When the state insurance commissioner holds a news conference Tuesday to promote a proposed ban on using hand-held cellphones while driving, he will be standing in front of the car Ashley LeeAnn Johnson was driving when she died.
Ashley was a 16-year-old sophomore at Buncombe County Early College and was driving to a tutoring job when she crossed the center line and hit a truck head-on. Investigators determined that she was trying to read a text message on her phone when she was killed.
Ashley’s father, Amos Johnson, initially planned to have the two-door BMW crushed and out of his life forever. But then he began asking around about whether someone might take the car from place to place to show the dangers of using a cellphone behind the wheel.
“I wanted people to see what could happen if you’re texting or retrieving a text or being distracted,” Johnson said in a phone interview from Arden, near Asheville, where he lives and works as a contractor. “My daughter’s car is the outcome. This is what could happen to you, and I wanted people to know that and see it.”
About two weeks after Ashley died in May 2010, Johnson donated the crumpled car to VIP for a VIP Inc., a nonprofit, volunteer organization founded by Greensboro firefighters in 1998. The group reattached the roof that firefighters had cut from the BMW to free Ashley, then put the crumpled car, the air bag still deployed, on a trailer with signs explaining what happened to her.
More than 64,500 students have seen Ashley’s car at schools where VIP for a VIP also does graphic re-enactments of car crashes, right down to the parents being told their child is dead, said David Hood, a retired Greensboro firefighter and member of the group’s board.
“We’re all firemen, and we were saying ‘If kids could just see some of the stuff we see out here, maybe they’d make better decisions,’” Hood said in an interview.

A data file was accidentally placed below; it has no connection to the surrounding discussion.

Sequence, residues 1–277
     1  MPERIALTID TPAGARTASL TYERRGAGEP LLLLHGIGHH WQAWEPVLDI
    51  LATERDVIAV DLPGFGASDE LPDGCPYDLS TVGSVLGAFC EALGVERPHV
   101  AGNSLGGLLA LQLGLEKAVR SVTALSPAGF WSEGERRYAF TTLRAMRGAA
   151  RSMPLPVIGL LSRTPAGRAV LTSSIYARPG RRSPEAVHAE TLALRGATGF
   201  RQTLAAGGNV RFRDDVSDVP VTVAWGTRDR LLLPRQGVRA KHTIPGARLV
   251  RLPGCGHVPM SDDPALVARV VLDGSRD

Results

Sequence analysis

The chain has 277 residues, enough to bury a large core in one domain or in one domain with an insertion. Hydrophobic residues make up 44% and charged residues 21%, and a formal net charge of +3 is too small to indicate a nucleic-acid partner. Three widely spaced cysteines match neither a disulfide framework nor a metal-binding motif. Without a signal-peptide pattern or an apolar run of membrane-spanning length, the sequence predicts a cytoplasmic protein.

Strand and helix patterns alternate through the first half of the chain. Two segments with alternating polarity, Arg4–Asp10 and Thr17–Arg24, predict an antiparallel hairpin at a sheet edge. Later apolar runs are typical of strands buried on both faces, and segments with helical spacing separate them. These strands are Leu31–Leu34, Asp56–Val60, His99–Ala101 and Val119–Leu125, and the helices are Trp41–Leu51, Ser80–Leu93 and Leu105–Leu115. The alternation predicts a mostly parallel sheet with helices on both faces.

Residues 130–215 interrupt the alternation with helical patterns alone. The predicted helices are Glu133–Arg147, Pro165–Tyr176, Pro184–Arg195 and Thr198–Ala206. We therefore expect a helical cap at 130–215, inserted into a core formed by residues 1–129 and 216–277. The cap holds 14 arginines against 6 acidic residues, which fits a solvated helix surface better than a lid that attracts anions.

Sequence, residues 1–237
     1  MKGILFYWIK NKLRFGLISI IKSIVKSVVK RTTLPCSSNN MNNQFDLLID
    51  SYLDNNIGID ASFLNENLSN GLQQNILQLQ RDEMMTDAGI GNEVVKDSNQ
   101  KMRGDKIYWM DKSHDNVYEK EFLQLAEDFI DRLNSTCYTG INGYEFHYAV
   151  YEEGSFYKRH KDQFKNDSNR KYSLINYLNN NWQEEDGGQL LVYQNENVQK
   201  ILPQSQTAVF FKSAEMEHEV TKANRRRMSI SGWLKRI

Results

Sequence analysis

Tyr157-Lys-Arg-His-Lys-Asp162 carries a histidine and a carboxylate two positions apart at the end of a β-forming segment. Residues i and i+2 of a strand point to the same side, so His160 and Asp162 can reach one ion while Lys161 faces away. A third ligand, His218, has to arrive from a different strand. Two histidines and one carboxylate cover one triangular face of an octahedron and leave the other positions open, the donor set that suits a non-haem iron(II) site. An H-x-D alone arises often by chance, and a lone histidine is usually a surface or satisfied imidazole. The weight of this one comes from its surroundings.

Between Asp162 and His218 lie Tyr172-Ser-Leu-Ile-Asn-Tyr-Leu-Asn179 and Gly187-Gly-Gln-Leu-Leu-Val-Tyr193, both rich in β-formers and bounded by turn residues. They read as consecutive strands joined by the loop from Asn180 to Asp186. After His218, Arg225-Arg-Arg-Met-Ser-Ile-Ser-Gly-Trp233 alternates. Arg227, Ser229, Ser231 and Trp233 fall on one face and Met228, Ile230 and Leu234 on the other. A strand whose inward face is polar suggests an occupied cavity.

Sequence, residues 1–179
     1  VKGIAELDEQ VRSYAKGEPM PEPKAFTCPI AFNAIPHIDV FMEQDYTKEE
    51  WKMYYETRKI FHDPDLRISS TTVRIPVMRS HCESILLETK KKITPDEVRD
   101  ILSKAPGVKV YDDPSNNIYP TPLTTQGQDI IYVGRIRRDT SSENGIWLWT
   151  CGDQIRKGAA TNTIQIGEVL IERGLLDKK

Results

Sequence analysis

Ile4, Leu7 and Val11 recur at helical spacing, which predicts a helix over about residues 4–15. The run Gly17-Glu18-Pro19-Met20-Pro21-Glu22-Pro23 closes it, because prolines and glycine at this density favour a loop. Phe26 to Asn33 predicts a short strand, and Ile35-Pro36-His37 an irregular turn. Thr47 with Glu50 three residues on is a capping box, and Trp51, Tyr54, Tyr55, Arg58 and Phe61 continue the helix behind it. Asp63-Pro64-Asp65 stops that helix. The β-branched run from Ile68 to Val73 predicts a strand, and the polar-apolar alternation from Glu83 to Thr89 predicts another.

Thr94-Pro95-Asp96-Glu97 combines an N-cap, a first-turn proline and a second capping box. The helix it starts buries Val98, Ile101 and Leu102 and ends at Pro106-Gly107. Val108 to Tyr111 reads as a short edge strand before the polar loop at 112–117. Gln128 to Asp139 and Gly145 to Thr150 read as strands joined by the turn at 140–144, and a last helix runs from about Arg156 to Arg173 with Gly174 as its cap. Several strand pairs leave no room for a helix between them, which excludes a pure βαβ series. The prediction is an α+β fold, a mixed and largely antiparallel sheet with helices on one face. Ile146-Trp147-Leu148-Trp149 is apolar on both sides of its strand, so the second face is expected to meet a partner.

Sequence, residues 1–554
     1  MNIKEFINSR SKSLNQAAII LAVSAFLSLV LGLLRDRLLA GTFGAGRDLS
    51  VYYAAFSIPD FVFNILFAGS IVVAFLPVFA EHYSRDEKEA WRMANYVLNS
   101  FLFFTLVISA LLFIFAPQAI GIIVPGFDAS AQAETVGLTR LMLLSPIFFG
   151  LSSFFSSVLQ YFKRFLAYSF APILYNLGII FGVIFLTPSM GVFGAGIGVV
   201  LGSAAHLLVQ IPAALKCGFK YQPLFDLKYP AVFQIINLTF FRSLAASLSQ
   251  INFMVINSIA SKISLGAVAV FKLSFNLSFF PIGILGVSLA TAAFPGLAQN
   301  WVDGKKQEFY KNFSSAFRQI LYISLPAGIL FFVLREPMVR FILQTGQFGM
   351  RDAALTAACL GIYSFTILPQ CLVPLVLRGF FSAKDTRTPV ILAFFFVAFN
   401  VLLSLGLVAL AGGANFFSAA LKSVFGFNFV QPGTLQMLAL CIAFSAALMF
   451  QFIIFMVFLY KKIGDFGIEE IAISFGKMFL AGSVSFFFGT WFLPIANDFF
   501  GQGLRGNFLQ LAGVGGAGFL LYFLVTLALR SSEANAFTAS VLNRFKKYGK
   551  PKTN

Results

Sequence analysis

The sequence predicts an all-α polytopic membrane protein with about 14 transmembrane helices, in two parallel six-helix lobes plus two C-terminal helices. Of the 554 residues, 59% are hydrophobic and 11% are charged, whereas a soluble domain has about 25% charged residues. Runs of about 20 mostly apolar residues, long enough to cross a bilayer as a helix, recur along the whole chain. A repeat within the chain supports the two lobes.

VIP for a VIP (the name is short for Vehicle Injury Prevention for a Very Important Person) has three other smashed vehicles from real accidents that it keeps on trailers at Greensboro fire houses when they’re not on display somewhere, Hood said. When the group does re-enactments, it gets cars or trucks from salvage yards and builds different narratives around them.
Hood says the group has two volunteer re-enactment teams, in Guilford and Wake counties, that have appeared 324 times at schools in 53 counties.
“You can tell people something all day long,” he said, “but when you can show them something real, it has more of an impact.”
The bill would prohibit drivers from using a hand-held phone to talk, play games, watch video or access the internet while driving, including while stopped at a traffic light. Drivers caught violating the law face a $100 fine the first time, with higher fines and points on the driver’s license that could increase insurance rates for subsequent violations.
It is already illegal for school bus drivers and drivers under 18 to talk on a hand-held cellphone, and no driver is permitted to text and drive, under laws passed after Ashley’s death. But law enforcement agencies say enforcing the texting ban is difficult, because drivers are still allowed to hold a phone and consult it for directions or talk on it.
“Distracted driving has become one of the leading causes of automobile accidents, along with speeding and driving while intoxicated,” Mike Causey, the state insurance commissioner, said in a statement. “Unless we take corrective action now, we’ll see accidents increase that will take our loved ones and drive automobile insurance rates higher and higher.”
Ashley Johnson’s car will remain outside the Insurance Department’s building on North Salisbury Street, across from the Legislative Building, through this week.
Amos Johnson says VIP for a VIP has kept in touch over the years, occasionally letting him know where the car will be on display.
“First time I saw it somewhere, I was saddened by it,” he said. “And I was delighted on the other hand, because I knew if kids or anybody looked at it they would at least think twice.”